Going to college can be a really exciting experience. It can also be a little unnerving, when you start to consider what you will do with your degree.
Your attractiveness to potential employers will depend largely on your major. Choosing the right degree programs to enroll in can alter your future career path and financial security. But since you’d rather invest your college years developing marketable skills, it makes sense to tailor your major choice to open employment opportunities in the market.
It’s no surprise that the best majors focus heavily on the science, technology, engineering, and mathematics (STEM) fields. Here are nine majors to consider:
Anything with “engineering” in it has great potential career opportunities. Forbes published a list of the “15 most valuable college majors” and engineering made up a whole third of the list. Specifically, if you major in biomedical engineering, software engineering, environmental engineering, civil engineering, or petroleum engineering, you can expect a good career with excellent job security.
Unlike many fields, demand for nurses is high. You can pretty much expect to get a job right after graduation and be able to keep it or find a better one anytime you want. You can get a degree with only two years, but a bachelor’s opens the field for you. Plus, if you decide on a specialty, you can see your income opportunities in this field skyrocket.
With a median mid-career pay of over $80,000 per year and a projected job growth over 30 percent, you can’t miss. If you enjoy the combination of biology, chemistry, physics, and engineering, this is the field for you. Since our economy is geared heavily toward innovation, the medical research and biochemistry field is growing rapidly.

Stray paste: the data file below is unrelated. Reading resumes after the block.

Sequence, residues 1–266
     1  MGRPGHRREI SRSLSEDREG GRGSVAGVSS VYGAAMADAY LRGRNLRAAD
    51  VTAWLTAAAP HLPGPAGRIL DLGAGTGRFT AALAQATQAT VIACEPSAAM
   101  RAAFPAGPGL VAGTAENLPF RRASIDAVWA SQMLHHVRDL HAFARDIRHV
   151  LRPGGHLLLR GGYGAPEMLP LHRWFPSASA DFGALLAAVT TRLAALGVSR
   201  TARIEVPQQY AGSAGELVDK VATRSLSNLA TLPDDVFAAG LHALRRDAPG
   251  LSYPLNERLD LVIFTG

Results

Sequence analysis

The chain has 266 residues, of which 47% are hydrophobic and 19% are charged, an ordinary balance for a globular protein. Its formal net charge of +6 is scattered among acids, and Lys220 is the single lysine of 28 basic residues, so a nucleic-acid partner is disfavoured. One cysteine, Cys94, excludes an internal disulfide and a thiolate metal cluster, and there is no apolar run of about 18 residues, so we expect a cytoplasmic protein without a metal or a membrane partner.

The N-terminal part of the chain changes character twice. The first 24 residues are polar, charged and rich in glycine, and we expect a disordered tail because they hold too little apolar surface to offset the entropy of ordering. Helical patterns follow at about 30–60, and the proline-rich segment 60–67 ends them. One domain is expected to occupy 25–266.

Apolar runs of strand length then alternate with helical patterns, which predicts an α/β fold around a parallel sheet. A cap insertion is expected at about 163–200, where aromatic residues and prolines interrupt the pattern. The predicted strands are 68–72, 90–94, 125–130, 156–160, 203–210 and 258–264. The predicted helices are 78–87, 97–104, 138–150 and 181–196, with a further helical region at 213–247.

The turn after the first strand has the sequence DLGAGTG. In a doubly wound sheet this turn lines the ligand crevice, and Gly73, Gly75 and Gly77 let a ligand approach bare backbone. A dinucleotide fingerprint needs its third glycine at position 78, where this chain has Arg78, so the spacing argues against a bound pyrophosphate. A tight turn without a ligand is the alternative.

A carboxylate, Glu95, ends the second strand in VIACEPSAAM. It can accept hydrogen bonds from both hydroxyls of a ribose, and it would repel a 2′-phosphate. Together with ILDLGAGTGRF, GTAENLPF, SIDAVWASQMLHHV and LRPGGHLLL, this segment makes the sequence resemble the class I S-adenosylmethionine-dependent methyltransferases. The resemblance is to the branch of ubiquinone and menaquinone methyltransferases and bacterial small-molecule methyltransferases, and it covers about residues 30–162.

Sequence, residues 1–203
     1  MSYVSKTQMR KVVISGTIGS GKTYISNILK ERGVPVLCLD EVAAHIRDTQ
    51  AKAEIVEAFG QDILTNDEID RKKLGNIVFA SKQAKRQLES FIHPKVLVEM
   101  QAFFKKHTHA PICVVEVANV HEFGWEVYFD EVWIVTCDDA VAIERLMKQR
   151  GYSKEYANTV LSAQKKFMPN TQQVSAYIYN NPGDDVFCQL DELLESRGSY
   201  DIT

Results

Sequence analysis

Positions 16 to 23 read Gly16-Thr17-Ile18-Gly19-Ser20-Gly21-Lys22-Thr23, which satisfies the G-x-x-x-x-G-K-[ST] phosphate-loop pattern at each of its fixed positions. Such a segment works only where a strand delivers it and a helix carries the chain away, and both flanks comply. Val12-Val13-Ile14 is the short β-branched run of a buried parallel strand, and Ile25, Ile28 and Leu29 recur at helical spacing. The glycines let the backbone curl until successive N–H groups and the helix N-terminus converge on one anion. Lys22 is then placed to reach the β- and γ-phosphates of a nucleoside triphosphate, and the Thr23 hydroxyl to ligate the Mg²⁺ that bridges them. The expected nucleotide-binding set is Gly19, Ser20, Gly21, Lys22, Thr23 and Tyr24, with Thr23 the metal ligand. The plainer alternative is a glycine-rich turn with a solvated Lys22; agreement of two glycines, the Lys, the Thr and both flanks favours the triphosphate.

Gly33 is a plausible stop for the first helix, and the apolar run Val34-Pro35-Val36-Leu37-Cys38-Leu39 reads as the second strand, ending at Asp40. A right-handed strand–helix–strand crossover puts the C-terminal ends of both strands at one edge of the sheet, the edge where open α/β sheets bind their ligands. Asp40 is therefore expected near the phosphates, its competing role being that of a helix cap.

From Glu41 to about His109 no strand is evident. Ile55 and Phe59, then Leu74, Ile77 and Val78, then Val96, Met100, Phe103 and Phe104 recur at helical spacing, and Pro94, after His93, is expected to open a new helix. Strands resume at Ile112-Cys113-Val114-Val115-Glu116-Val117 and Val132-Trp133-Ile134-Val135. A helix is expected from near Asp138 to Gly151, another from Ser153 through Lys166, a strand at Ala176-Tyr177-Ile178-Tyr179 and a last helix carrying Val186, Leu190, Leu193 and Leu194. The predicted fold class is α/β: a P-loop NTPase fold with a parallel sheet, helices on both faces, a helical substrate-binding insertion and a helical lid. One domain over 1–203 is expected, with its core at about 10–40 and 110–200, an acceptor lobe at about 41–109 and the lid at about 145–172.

4. Computer Science
This degree gives you the flexibility to work in many facets of information technology, a broad field with jobs in virtually any industry. However, if you specialize in a specific skill set, and become a master of it, you can command salaries in excess of $300,000 at top technology companies across the United States.
If you have a knack for rocks, you can enjoy significant increases in pay and a large job-growth potential. Who’s hiring geologists? Energy companies, of course. If you want to work in the booming oil and natural gas industry, most of the major companies are grabbing up geologists like they are going out of style.
6. Management Information Systems
This degree is particularly useful because you learn how to design and maintain systems for large organizations. That specific skill puts you ahead of computer networking majors, who can expect an unemployment rate twice as high after graduation.
Not as many people go after the more abstract scientific fields. As a result, math majors are more in demand, with the pay that goes with it. Once again, who’s hiring mathematicians? A lot of science-based companies, engineering firms, and even the government are looking for math majors to supplement their research staff.
8. Construction Management
No matter what the economy looks like, there will always be a need for construction. That keeps wages higher and unemployment lower. However, now with homebuilding rebounding, companies are starting to build large scale developments across the country — which, in turn, increases the need for construction managers.
Another broad field, choosing this major will allow you to move freely among a variety of potential careers. Just realize: in good times and bad times, Wall Street is always looking for the next smart finance person.
It is worth noting that a lot of these majors are in demand because they are particularly rigorous or require a great deal of technical knowledge. But if you continue to push through to graduation, your chance of scoring a great job is much closer within reach.
What do you think about the career opportunities in these majors?
Editor’s Note: If you’re in college and are looking for some ways to make money while you work toward earning your degree, you might want to check out the following articles:
Robert Farrington is America’s Millennial Money Expert® and America’s Student Loan Debt Expert™, and the founder of The College Investor, a personal finance site dedicated to helping millennials escape student loan debt to start investing and building wealth for the future. You can learn more about him here and here.
He regularly writes about investing, student loan debt, and general personal finance topics geared towards anyone wanting to earn more, get out of debt, and start building wealth for the future.
He has been quoted in major publications including the New York Times, Washington Post, Fox, ABC, NBC, and more. He is also a regular contributor to Forbes.